Green Bay started the season fairly well, posting a 3-1 record. Since then, they’ve lost three consecutive games to the New York Giants, New York Jets, and Washington Commanders. Is there still time to “relax,” or does this slide somehow feel different than past seasons when the team eventually figured it out?
This absolutely feels like a different vibe than in the past. The closest thing I can compare this to is when the Packers started 4-6 in 2016. That team famously ran the table following Rodgers’ comments, but that team started out 4-2 and hit a 4-game losing streak that saw the defense give up 30 or more in all four losses. When that side of the ball started turning around just enough and Rodgers went God-mode down the stretch, it kicked off an 8-game win streak that included a pair of playoff games.
This team doesn’t feel like it has that in it whatsoever. The ‘16 team had reliable veterans like Jordy Nelson and Randall Cobb plus an up-and-coming Davante Adams as Rodgers’ receiving weapons. Those were all players he trusted, Nelson and Cobb in particular, and who could be counted on to make big plays at key times. With Cobb and Allen Lazard hurt, the top three receivers (Sammy Watkins, Romeo Doubs, and Christian Watson) are all in their first years in Green Bay. To make matters worse, the current skid came in what was thought to be the easy part of the schedule, with a brutal six-week stretch coming up featuring games against the Cowboys, Titans, and Eagles in addition to this week in Buffalo. It’s why most of us at APC think this team should actually be sellers rather than buyers at the trade deadline.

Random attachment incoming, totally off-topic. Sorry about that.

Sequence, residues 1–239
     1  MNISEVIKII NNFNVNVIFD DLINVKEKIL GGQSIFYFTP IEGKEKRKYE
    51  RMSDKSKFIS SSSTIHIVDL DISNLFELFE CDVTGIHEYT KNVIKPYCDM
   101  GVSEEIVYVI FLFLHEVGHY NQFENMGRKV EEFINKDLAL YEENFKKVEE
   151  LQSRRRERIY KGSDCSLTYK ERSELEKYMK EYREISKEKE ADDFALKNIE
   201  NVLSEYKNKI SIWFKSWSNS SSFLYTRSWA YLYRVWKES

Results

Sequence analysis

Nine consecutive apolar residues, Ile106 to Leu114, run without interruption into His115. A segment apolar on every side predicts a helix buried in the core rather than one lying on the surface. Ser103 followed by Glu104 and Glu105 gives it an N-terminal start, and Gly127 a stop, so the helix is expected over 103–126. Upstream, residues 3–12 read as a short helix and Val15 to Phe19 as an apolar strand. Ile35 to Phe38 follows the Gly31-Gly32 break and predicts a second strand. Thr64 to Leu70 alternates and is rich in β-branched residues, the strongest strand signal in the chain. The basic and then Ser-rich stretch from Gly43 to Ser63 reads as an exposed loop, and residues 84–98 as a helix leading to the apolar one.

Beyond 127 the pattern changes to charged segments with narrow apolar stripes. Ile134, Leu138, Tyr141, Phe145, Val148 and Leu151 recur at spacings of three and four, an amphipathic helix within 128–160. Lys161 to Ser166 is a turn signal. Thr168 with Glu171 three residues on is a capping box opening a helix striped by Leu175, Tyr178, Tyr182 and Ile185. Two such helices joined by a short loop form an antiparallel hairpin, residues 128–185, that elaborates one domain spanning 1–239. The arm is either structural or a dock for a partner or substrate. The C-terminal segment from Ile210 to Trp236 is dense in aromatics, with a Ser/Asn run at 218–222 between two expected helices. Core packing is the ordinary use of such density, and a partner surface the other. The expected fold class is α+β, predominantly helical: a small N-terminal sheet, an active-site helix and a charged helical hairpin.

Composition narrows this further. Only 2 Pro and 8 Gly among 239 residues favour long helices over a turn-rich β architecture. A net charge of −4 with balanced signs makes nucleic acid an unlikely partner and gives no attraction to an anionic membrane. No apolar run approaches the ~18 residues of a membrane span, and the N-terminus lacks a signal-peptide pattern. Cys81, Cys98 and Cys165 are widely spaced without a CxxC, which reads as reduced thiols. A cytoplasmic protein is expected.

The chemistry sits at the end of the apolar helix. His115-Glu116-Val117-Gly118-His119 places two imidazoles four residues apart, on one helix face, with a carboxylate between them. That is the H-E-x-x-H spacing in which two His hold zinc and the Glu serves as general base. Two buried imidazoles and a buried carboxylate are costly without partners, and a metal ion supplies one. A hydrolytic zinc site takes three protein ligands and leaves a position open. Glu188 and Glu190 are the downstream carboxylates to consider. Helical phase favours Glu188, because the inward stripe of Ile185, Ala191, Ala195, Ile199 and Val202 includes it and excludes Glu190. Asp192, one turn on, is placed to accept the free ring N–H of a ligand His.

In fairness to Rodgers, there really isn’t an observably talented group of receivers running routes for him. Age appears to have caught up with Randall Cobb, and the rest of the wide receivers are perhaps as green as it gets. Yet, GB continues to avoid drafting the top receiving talents each spring. Why do the Packers continue to ignore QB1’s request for better talent at WR?